FAO rural markets offer hope to farmers in drought-stricken Lesotho

Mosala, Lesotho -Julius Ncheche has seen many things in his 68 years, but he can’t remember such a terrible drought as the one which blighted Lesotho’s most recent harvest.

The drought was so severe that his government declared a state of emergency in July following a United Nations survey that estimated that 30% of the country’s people would need humanitarian
assistance.

With no time to waste, and in effort to stave off another disastrous harvest, FAO jumped into action, appealing to donors for funds and immediately planning a series of agricultural input trade
fairs – also known as seed fairs – to be held in all ten districts of Lesotho.

US$ 3.5 million was quickly received -from the United Nations Central Emergency Response Fund (CERF), the Humanitarian Aid Department of the European Commission (ECHO) and the Government of
Norway.

Vouchers provided to farmers at the fairs allow them acquire much-needed replacement seed for replanting their lands, allowing them to recuperate food and income lost to the drought.

“FAO has a mandate to respond to agricultural emergencies. In this case drought was the trigger,” explains Farayi Zimudzi, FAO’s Emergency Coordinator for Lesotho.

FAO has been working closely with Lesotho’s Ministry of Agriculture and Food Security and Catholic Relief Services (CRS) in implementing fairs in all 10 districts of the country. To start with
200 government officials have been trained to stage the fairs. FAO and the government officials organized fairs in seven districts, while CRS – pioneers of the input trade fair concept in
Africa – organized fairs in the remaining three districts.

Through the trade fairs, which end in mid-October, ten percent of all households in Lesotho will have accessed enough agricultural inputs – including 385 tonnes of seed – to prepare and plant
17,500 hectares of land. An estimated 5,600 tonnes of maize, sorghum, beans and other crops are expected to be produced from this assistance.

Seeds of hope

Julius, a widower living with his children, is just one of 35,000 farmers in Lesotho identified to attend the trade fairs. Many are elderly, like him. Others are single mothers or from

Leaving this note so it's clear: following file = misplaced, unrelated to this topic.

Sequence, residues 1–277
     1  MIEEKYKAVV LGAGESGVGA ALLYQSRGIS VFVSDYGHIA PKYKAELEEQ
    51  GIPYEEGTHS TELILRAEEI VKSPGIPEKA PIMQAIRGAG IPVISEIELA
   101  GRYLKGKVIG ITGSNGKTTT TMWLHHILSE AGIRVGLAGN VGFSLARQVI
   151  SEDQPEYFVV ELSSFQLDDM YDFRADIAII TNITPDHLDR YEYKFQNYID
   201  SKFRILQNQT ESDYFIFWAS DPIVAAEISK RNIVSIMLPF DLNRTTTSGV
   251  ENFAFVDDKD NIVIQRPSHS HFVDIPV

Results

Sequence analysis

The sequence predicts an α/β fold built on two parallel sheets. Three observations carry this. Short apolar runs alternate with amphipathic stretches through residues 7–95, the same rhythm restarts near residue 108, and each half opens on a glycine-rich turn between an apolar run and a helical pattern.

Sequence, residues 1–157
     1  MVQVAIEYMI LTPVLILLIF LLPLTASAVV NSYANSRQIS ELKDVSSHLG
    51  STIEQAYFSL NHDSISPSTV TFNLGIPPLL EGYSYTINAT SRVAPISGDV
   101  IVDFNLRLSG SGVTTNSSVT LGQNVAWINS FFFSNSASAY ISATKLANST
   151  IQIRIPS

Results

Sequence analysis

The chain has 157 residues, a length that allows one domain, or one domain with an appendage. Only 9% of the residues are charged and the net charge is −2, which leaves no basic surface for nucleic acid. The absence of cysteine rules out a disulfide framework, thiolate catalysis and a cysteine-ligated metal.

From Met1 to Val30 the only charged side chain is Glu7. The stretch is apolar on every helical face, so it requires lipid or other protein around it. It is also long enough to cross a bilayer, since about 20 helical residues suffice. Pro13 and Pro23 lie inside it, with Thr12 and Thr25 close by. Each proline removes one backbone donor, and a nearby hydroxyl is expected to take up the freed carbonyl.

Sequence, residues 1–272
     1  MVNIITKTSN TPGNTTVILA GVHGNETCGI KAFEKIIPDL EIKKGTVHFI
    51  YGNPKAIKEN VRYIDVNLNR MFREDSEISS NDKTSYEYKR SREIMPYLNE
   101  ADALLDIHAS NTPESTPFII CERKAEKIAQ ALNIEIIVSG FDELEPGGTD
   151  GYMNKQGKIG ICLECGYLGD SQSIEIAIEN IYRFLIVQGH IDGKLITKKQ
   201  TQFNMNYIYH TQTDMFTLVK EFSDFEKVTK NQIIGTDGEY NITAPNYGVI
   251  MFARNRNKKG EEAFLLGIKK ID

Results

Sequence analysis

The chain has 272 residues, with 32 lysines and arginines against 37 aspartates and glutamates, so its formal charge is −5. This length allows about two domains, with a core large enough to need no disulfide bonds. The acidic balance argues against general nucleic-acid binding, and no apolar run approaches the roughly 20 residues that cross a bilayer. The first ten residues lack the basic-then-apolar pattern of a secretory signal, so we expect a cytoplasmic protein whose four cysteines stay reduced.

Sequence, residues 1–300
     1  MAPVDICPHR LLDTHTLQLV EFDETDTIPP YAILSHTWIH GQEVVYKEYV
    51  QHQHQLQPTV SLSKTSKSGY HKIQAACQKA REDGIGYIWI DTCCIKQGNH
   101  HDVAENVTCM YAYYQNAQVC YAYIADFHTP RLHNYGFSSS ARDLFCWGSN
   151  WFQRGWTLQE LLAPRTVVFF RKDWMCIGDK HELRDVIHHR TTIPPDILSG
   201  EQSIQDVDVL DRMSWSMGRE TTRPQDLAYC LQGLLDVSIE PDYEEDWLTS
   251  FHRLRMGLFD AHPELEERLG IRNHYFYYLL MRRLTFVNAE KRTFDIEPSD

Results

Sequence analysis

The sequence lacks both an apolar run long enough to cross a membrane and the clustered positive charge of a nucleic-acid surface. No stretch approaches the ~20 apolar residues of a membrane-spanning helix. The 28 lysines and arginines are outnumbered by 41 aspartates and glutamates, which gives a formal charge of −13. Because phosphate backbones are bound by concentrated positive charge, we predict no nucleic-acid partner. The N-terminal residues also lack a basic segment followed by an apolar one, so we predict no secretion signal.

households caring for ill family members or large numbers of children. All suffered from last year’s drought.

At the Mosala fair, Julius receives an envelope of vouchers worth Maluti 500 (about US$ 73). The vouchers are divided into small denominations and two colors – a total of Maluti 320 for seeds
and fertilizer and Maluti 180 for purchasing tools or tillage services.

Vouchers in hand, Julius makes a beeline for a pre-selected dealer and spent his first Maluti 80 on a bag of sorghum. That was the easy purchase; the rest were much more painstaking. It took
him more than an hour to select tomato, potato, pinto bean and spinach seeds, and to buy a sickle. The vouchers may be free, but the decisions are not taken lightly.

“We presume that maize is the preferred crop,” says Adam Weimer, CRS Lesotho’s Food Security Programme Manager. “But when given a choice and when there is access, farmers buy other things too.
Potatoes, for instance, are popular.”

The Maluti 500 is calculated to buy enough inputs to cover a half-hectare plot. “This represents a major contribution to the ability of households to produce enough crops to feed themselves for
the better part of a year, if not a full year,” said Zimudzi.

The average farmer in Lesotho grows 30% of their household food requirements and buys the other 70%. Most rely on remittances from family members, selling piece labor, or government labor
programs. According to Zimudzi, “If you can tip that ratio around to buying 30% and growing 70% you can go a long way toward achieving food security in the country.”

Additional benefits

An added benefit to the input trade fairs is that they give a much-needed boost to local economies. “When you stay in Maseru,” said Thabiso Lebese, a trader at a fair in Maputsoe, “you sell 1-2
spades a week. Here, I’ve sold ten already today and ten digging forks. And the item that has sold the best today has been watering cans.”

The fairs also offer an incentive for local farmers to produce surplus seeds and other inputs, as they can be guaranteed a sizeable market. At the Mosala fair alone, the 420 customers spent
vouchers totaling Maloti 90,000 (US$ 13,200).

The gathering of large numbers of people likewise are an opportune time to spread informative messages about HIV and AIDS awareness, conservation farming methods, and the popular circular,
rock-walled kitchen gardens called “keyhole gardens.”

The United Nations World Food Programme (WFP) will follow up the input trade fairs by providing food assistance to the same vulnerable farmers.

Zimudzi explains that FAO’s fairs and WFP’s food assistance complement each other. “They are both important, so that people don’t have to make the choice: ‘Do I eat this seed or plant it?'”.

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